Biding our TIme

Dealt a glancing blow by a fast-moving cyclone, we find a delightful way to spend an afternoon in the Friendly Islands.

Walk on the beach

A receding tide uncovers a wide shelf of rock and gives us good footing as we walk the beach. Peggy (left) and Sue humor my need to snap a photo.Mark Pillsbury

Wilma our welcoming cyclone turned out to be a shrinking violet of sorts. An hour before sunrise the rains started in and a deluge ensued, but the wind, well it never really got here. Wilma veered past Vava’u, missing the island by about 150 miles. By 10 a.m. clouds still swept past, but the heavy rains eased off to showers and slowly the wind clocked from south, round to north.

Still, the powers that be at the Sunsail base were reluctant to have us board our boat and asked us to wait another day. Gangways to the docks had been hauled and the docks themselves pulled into deeper water for safety. To compound matters, the staff was on what we determined was a Tongan snow day, and so was nowhere to be found. Instead the base manager, Kerris, came up and gave us a briefing as we sat on the porch. As she talked, the skies cleared and a gusty north wind filled the harbor with whitecaps.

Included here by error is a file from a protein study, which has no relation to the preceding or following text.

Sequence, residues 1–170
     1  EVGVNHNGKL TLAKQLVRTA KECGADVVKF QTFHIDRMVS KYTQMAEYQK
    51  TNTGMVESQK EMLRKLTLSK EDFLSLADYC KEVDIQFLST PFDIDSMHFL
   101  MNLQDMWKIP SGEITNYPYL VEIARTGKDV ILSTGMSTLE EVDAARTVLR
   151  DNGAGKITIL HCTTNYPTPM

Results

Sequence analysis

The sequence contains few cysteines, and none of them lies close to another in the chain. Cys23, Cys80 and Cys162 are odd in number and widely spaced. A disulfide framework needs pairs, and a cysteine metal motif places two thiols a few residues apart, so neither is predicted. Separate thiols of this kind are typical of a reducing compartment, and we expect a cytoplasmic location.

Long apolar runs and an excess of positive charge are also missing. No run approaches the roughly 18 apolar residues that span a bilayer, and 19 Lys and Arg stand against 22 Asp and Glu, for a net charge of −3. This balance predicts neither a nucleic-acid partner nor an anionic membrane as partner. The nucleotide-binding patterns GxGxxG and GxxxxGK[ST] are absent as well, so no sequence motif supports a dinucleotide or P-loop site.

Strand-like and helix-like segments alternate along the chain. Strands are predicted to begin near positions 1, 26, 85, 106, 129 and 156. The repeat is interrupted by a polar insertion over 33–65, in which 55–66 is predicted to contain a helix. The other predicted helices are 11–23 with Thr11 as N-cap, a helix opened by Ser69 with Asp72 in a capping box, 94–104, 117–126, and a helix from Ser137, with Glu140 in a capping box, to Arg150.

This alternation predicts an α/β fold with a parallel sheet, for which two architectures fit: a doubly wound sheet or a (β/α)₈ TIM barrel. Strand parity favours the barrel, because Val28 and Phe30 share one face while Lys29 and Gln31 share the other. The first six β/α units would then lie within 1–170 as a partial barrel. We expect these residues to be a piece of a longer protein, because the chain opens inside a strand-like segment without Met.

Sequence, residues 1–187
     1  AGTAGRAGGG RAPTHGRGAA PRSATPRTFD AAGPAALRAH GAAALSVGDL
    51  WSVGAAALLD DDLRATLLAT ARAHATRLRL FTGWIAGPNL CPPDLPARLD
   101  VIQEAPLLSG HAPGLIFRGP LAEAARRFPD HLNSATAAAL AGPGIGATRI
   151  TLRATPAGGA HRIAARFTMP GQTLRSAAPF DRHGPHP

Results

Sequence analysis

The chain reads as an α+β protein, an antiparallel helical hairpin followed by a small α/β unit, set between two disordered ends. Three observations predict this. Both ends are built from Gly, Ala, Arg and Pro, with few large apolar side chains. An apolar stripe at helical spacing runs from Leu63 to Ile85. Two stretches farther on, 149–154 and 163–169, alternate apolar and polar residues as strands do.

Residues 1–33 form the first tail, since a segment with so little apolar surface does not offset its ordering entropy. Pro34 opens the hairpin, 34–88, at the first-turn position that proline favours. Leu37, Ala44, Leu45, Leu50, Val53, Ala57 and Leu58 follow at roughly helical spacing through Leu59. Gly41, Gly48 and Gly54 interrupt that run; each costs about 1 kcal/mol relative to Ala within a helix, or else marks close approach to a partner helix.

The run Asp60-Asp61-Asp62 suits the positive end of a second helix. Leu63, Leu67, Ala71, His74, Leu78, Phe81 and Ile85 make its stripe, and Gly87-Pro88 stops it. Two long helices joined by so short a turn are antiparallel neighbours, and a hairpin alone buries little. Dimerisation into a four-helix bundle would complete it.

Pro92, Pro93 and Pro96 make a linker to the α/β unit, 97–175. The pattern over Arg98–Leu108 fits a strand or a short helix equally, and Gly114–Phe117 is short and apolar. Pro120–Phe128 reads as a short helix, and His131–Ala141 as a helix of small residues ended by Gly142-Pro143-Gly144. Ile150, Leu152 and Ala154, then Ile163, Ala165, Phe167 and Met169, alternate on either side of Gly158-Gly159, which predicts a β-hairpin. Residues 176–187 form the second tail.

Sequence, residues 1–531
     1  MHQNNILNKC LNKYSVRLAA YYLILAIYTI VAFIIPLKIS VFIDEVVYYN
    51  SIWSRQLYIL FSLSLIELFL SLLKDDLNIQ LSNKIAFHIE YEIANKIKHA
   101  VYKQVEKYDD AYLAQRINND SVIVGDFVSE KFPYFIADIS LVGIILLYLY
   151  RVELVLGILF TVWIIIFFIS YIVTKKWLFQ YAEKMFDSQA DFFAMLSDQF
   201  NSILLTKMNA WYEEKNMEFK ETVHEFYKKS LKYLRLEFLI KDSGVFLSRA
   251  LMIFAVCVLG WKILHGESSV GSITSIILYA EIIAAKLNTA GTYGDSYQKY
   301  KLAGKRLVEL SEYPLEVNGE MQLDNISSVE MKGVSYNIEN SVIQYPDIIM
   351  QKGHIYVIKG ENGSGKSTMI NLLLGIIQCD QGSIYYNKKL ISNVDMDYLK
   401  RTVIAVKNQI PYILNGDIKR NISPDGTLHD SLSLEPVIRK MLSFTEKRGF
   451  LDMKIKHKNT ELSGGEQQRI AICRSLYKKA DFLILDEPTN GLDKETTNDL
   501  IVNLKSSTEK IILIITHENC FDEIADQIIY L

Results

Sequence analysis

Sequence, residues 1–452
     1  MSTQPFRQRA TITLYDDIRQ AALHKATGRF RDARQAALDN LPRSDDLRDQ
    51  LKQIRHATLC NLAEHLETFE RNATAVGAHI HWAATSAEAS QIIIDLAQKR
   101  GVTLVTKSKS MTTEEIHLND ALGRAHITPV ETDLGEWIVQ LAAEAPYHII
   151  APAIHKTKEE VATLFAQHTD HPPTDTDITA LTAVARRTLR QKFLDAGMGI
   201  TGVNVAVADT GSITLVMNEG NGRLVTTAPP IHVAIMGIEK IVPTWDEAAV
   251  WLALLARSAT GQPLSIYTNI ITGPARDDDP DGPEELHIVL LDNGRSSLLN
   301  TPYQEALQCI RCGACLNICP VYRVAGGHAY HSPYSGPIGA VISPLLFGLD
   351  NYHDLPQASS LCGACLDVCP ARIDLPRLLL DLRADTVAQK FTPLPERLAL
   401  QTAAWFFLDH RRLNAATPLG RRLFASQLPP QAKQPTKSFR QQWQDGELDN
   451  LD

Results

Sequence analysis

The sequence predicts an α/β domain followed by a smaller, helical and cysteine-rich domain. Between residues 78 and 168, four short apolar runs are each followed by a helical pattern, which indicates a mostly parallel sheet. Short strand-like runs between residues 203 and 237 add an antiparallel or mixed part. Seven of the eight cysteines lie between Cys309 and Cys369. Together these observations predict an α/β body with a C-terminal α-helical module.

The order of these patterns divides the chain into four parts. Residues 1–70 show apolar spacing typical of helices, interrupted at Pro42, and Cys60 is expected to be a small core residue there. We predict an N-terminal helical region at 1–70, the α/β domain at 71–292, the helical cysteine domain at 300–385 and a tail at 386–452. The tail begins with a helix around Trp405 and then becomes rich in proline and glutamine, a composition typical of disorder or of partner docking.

As promised, Wilma swept the stifling humid conditions along with her and in their place a perfectly lovely afternoon unfolded. We lunched on ham and cheese sandwiches, our Wilma provisions, and went for a hike. Down our dirt road and across the hardtop, we found a road that led us down to Veimumuni Cave and Fresh Water Pond. As we walked through the village a gang of kids sitting on the trunk of an old car spotted our cameras and hammed it up for us visitors. Piglets ran about our feet as we walked along, and we found a likely source of the midnight dog brawl that woke all of us out of our slumbers.

We climbed the hill past a grave yard, where flowers and intricate altars celebrated the recently departed, then down a steep stairway, past the fresh water cave where a young maiden once lived; as she fled a suitor, she let out mouthfuls of water, and they are the source of the many fresh water wells around Vava’u today.

Stretching out from the beach, the ankle-deep water atop a wide shelf of brown dead coral dropped off abruptly into a sea of deep blue water. Across the bay, we watched surf explode on the reefs between the islands. Walking across the coral was a dicey affair; spiny urchins lurked in every crevice, and climbing back up after a swim required some care.

We walked the beach south, waded across the mouth of a fresh water lagoon pouring the night’s rain in to the sea, and then around the point to a causeway and road that led us back to the cottages where we’ll spend one more night.

Tomorrow we’ll sail. Can’t wait.